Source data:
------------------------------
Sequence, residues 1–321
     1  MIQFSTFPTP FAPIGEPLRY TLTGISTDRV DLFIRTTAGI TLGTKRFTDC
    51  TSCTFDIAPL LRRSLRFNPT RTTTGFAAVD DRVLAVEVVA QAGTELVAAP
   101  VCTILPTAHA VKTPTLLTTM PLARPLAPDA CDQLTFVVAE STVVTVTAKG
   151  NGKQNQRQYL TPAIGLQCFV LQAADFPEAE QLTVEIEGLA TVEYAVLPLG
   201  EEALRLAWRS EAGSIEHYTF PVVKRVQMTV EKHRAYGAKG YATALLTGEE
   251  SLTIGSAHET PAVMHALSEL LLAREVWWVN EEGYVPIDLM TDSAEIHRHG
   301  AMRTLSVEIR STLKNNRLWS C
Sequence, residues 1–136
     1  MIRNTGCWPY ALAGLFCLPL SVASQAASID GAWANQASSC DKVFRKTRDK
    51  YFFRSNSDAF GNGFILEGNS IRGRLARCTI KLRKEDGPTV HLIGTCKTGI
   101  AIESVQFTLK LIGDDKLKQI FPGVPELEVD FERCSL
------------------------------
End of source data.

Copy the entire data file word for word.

Sequence, residues 1–321
     1  MIQFSTFPTP FAPIGEPLRY TLTGISTDRV DLFIRTTAGI TLGTKRFTDC
    51  TSCTFDIAPL LRRSLRFNPT RTTTGFAAVD DRVLAVEVVA QAGTELVAAP
   101  VCTILPTAHA VKTPTLLTTM PLARPLAPDA CDQLTFVVAE STVVTVTAKG
   151  NGKQNQRQYL TPAIGLQCFV LQAADFPEAE QLTVEIEGLA TVEYAVLPLG
   201  EEALRLAWRS EAGSIEHYTF PVVKRVQMTV EKHRAYGAKG YATALLTGEE
   251  SLTIGSAHET PAVMHALSEL LLAREVWWVN EEGYVPIDLM TDSAEIHRHG
   301  AMRTLSVEIR STLKNNRLWS C
Sequence, residues 1–136
     1  MIRNTGCWPY ALAGLFCLPL SVASQAASID GAWANQASSC DKVFRKTRDK
    51  YFFRSNSDAF GNGFILEGNS IRGRLARCTI KLRKEDGPTV HLIGTCKTGI
   101  AIESVQFTLK LIGDDKLKQI FPGVPELEVD FERCSL